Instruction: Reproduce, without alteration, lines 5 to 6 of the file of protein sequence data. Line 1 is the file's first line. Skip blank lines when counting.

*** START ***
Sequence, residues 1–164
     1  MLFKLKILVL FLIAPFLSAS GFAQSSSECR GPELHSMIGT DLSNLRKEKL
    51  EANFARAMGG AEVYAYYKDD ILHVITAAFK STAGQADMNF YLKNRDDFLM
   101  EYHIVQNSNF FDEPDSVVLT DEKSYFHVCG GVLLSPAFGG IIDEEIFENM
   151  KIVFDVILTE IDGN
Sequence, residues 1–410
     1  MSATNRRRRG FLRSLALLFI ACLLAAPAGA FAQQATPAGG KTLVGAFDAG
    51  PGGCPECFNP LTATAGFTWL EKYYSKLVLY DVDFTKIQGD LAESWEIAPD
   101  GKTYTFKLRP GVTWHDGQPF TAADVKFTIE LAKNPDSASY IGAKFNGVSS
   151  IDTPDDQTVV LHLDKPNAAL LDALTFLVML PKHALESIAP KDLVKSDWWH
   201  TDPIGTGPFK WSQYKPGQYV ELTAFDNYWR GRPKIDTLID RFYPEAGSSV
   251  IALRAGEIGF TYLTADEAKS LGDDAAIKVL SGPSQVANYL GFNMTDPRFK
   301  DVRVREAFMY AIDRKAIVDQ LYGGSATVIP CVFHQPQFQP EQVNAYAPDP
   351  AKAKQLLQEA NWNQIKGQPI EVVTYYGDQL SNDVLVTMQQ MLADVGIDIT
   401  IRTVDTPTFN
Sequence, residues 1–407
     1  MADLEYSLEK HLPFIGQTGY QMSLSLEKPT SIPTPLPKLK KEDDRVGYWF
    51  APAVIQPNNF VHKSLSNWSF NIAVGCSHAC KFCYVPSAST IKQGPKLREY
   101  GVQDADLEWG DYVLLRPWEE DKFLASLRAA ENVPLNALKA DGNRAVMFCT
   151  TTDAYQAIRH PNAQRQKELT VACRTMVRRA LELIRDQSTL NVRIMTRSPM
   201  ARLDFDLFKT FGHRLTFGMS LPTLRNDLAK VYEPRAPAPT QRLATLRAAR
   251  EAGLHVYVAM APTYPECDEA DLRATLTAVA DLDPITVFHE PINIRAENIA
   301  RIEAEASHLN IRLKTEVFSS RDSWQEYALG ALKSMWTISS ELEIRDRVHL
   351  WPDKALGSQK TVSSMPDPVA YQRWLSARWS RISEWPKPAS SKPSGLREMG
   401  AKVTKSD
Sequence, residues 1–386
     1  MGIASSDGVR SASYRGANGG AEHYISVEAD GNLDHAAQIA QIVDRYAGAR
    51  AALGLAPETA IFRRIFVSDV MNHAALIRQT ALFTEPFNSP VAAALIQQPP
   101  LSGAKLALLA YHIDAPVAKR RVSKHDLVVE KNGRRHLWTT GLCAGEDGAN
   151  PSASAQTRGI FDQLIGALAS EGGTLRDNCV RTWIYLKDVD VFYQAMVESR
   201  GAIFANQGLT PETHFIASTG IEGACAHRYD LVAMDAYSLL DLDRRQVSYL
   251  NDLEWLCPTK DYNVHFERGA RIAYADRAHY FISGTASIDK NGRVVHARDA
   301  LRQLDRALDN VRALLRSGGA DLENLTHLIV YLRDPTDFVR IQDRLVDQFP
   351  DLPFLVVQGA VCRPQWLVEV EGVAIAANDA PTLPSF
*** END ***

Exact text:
   151  KIVFDVILTE IDGN
Sequence, residues 1–410